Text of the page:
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Is there a command or any other way to get the current or average CPU utilization (for a multi-processor environment) in Linux?

I am using embedded Linux in a small system. Basically, I need to determine the CPU utilization, so that if it is high, I can instead divert a new process to another controller in the system, rather than executing on the main processor, which could be busy doing a more important process.

This question is not about merely prioritizing processes, the other controller can sufficiently handle the new process, just that when the main processor is not busy, I would prefer it to do the execution.

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You might want to use task cpusets to force the Linux scheduler to do that for you; you can limit which core(s) a task can run on. I am assuming you are using SMP here. –  MarkR Sep 22 '10 at 21:57
    
Why have you repeated huseyinalb's answer and then chosen yourself? This looks like some attempt to game the reputation system. –  Amoss Sep 25 '10 at 11:12
    
what reputation do I gain for answering my own question? –  user191776 Sep 25 '10 at 14:11
    
Well I assumed that you get the reputation for an accepted answer, but even if you don't you are denying it to huseyinalb, which doesn't seem very fair. –  Amoss Sep 26 '10 at 17:45

5 Answers 5

up vote 3 down vote accepted

You need to sample the values in /proc/stat at two times, and calculate the average utilisation over that time. (Instantaneous utilisation doesn't make a whole lot of sense - it'll always be 100% on a single core machine, since your utilsation-measuring code is running whenever it looks).

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cat /proc/stat

you will see something like this

cpu  178877 11039 58012 5027374 22025 2616 1298 0 0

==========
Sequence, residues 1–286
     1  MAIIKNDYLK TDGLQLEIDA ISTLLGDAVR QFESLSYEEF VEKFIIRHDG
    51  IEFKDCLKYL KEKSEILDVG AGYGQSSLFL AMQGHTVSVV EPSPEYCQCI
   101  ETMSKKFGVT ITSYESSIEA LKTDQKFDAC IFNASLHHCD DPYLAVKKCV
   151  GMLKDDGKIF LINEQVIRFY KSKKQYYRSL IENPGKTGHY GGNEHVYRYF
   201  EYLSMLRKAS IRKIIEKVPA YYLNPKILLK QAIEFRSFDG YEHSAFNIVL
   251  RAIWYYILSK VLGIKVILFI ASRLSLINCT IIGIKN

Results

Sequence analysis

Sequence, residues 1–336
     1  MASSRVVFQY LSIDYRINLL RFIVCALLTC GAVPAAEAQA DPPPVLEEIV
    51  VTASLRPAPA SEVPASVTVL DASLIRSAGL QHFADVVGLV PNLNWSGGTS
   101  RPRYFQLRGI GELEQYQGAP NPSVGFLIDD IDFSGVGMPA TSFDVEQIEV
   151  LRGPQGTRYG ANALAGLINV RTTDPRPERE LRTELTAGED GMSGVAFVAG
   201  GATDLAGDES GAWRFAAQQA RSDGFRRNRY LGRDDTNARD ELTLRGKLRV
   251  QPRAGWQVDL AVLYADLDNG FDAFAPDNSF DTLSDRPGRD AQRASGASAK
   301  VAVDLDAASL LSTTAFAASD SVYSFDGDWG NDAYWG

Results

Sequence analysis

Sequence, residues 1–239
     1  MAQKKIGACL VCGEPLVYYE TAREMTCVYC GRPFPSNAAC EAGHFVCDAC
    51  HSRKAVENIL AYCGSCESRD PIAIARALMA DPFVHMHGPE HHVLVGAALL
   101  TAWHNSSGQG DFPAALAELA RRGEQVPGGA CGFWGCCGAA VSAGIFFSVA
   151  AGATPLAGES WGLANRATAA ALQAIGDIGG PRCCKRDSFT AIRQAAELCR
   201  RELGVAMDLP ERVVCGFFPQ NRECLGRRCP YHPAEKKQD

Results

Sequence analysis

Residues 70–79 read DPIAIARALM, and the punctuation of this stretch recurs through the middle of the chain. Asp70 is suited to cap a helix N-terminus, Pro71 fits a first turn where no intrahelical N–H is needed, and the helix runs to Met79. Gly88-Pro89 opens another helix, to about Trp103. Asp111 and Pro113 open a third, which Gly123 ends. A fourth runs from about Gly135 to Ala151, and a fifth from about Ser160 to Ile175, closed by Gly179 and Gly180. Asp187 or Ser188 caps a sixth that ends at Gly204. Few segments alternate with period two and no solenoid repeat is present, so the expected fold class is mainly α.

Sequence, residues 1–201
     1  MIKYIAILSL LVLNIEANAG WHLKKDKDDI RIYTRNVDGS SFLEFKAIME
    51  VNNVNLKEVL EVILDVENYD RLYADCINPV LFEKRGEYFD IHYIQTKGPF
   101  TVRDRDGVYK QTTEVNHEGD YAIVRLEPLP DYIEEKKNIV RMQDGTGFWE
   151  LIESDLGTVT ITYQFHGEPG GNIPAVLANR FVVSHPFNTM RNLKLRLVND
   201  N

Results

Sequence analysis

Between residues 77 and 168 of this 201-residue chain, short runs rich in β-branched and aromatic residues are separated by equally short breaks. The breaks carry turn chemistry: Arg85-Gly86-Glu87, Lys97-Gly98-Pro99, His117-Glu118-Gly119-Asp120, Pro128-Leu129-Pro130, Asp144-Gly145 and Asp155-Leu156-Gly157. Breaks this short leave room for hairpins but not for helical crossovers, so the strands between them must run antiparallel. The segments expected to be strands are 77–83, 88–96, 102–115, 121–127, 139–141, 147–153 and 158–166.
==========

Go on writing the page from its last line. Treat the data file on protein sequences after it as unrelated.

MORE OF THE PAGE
cpu0 122532 8808 34213 2438147 10881 1050 448 0 0
cpu1 56344 2230 23799 2589227 11143 1565 850 0 0

Simply take the sums of first three numbers and divide them with sums of first four integer

The first 4 numbers are user, nice, system, and idle times

note: This gives overall average. If you want to take spontaneous average, you should take two samples and subtract them from each other before the divide.

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Is this in terms of % or some factor? I mean, is the maximum value possible here 100 or 1? –  user191776 Sep 22 '10 at 15:45

The answer to the question after much searching and tinkering:

#include <stdio.h>
#include <stdlib.h>

int main(void)
{
    long double a[4], b[4], loadavg;
    FILE *fp;
    char dump[50];

    for(;;)
    {
        fp = fopen("/proc/stat","r");
        fscanf(fp,"%*s %Lf %Lf %Lf %Lf",&a[0],&a[1],&a[2],&a[3]);
        fclose(fp);
        sleep(1);

        fp = fopen("/proc/stat","r");
        fscanf(fp,"%*s %Lf %Lf %Lf %Lf",&b[0],&b[1],&b[2],&b[3]);
        fclose(fp);

        loadavg = ((b[0]+b[1]+b[2]) - (a[0]+a[1]+a[2])) / ((b[0]+b[1]+b[2]+b[3]) - (a[0]+a[1]+a[2]+a[3]));
        printf("The current CPU utilization is : %Lf\n",loadavg);
    }

    return(0);
}

I am getting the same values as those reported by the System Monitor.

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Just use top if it is available. You can use it in a non-interactive mode:

top -n 1

If you want something specific then just grep that output. The exact details will depend on how your top command formats its output, but for example:

top -n 1 | grep 'Load'
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Incorrect, that would give you average load times which is not the same as CPU Utilization. (the former being extracted from /proc/loadavg while the latter from /proc/stat) [see man proc] –  tsotso May 14 '14 at 8:47
    
No, that is correct. The example that I gave grabs the load average, but the method can also pull out the CPU utilisation. On OSX and linux the formatting is slightly different, but on both systems it is the line below the load making it easy to filter out. –  Amoss Jul 24 '14 at 9:41

The /proc filesystem has all kinds of interesting information. Look at man proc for more information.

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could you be more specific in terms of which command to use? –  user191776 Sep 22 '10 at 13:39

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